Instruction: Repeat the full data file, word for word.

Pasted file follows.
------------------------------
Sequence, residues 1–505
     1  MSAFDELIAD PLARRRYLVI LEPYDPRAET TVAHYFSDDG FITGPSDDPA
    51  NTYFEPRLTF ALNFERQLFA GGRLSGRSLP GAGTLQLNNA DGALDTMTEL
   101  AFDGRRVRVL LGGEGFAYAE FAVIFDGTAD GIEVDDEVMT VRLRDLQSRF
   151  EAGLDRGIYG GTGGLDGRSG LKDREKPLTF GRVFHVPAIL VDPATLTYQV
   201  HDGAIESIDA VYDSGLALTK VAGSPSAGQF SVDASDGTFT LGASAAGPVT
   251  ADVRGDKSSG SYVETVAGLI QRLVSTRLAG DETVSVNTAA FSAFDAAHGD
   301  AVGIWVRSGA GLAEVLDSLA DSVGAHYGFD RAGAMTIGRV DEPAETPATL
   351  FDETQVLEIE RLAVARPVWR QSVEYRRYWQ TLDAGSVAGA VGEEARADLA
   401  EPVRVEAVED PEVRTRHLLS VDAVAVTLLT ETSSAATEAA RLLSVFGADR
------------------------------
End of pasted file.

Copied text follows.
Sequence, residues 1–505
     1  MSAFDELIAD PLARRRYLVI LEPYDPRAET TVAHYFSDDG FITGPSDDPA
    51  NTYFEPRLTF ALNFERQLFA GGRLSGRSLP GAGTLQLNNA DGALDTMTEL
   101  AFDGRRVRVL LGGEGFAYAE FAVIFDGTAD GIEVDDEVMT VRLRDLQSRF
   151  EAGLDRGIYG GTGGLDGRSG LKDREKPLTF GRVFHVPAIL VDPATLTYQV
   201  HDGAIESIDA VYDSGLALTK VAGSPSAGQF SVDASDGTFT LGASAAGPVT
   251  ADVRGDKSSG SYVETVAGLI QRLVSTRLAG DETVSVNTAA FSAFDAAHGD
   301  AVGIWVRSGA GLAEVLDSLA DSVGAHYGFD RAGAMTIGRV DEPAETPATL
   351  FDETQVLEIE RLAVARPVWR QSVEYRRYWQ TLDAGSVAGA VGEEARADLA
   401  EPVRVEAVED PEVRTRHLLS VDAVAVTLLT ETSSAATEAA RLLSVFGADR